John Feffer has a good article over at Asia Times Online.

It points out the deep danger we’re in — how teetery both the world and America’s food and energy systems are. It is well worth a read, particularly because of its clear articulation of the bind we’re in — the strategies we’ve used in the past to get out of disaster will only accelerate collapse in the long-term.. The tools we’re using to get more food out of the ground take food from the future.

The analogy that I’ve been using for some time is the comparison to the seawater used to extract oil in the Ghawar and other aging giant oilfields. Matt Simmons, the world’s expert on this subject, argues that you can make the oil production levels look good for a while — but the seawater you pump in only accelerates the day that disaster strikes. That’s true of our agriculture — at this point, we’re in a losing race between expanding food production and climate change — all the conventional strategies for growing more food push us faster and faster towards the day that the planet can produce much, much less food. Every bite of food we eat now through conventional means takes food out of the mouths of our children.

I think many people, deep in their hearts, think that ecological disasters apply mostly to other people. But, of course, as Midwesterners are finding out right now, that’s not true. And it isn’t over — every image of floodwaters we see is brown — washing precious topsoil away, and pushing artificial fertilizers into water tables. And the rest of us will be thoroughly schooled in that lesson as well, most likely.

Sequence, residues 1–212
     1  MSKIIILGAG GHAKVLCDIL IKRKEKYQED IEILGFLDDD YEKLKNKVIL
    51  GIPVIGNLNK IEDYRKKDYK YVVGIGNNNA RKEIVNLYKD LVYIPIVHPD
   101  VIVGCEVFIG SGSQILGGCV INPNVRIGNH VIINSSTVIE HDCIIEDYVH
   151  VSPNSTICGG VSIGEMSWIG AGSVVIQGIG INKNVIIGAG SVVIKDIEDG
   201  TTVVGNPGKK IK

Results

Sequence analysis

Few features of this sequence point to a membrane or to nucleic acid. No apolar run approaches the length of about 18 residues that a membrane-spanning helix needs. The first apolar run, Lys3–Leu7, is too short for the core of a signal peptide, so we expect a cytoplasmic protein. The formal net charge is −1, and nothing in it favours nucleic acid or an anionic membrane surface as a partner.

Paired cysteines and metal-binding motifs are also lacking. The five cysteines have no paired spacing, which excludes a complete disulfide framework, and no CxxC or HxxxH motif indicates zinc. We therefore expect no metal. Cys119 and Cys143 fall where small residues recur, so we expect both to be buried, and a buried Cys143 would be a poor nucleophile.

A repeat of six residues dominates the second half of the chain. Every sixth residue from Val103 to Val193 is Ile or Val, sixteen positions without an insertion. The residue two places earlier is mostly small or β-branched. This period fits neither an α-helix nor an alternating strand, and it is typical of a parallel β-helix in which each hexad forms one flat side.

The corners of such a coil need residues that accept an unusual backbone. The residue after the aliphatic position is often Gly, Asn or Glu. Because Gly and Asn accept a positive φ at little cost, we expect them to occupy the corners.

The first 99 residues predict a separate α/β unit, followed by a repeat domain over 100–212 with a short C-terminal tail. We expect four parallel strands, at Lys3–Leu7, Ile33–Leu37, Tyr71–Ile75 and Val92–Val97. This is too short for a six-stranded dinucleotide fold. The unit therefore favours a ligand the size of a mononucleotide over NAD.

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So how do we avoid becoming North Korea? Are there personal or policy approaches that can fix this? Could you have guessed that I have some suggestions, some obvious, some perhaps not.

The first one is obvious: We need to get the oil and gas out of agriculture — and rapidly. Farmers are already struggling to afford the fossil fueled inputs that are required for conventional agriculture, and industrial organic agriculture is almost as dependent on fossil fuels as conventional. All the fossil fuels — especially artificial nitrogen — that we use are preventing future generations from eating. Heck, it won’t take until future generations grow up; most of us under 50 will probably live to see it.

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We’re seeing now just how oil and natural gas costs reverberate through the food system, and while it is possible to use wise forms of management to reduce those reverberations, the only possible way to stabilize the food supply and separate it from volatile energy prices is to end the dependency of the food supply on fossil fuels. We know that this is possible — besides the study mentioned in the paper above, other studies, including one last year at University of Michigan and a host of others have shown that organic agriculture can match and exceed yields. Moreover, organic practices that match yields in optimal seasons often exceed conventional yields in times of plant stress — that is organic soils rich in matter hold up better to drought, heavy rains and other difficult conditions. It isn’t a panacea, but in a world where drought and flooding are inevitable, we need the best cultural practices possible.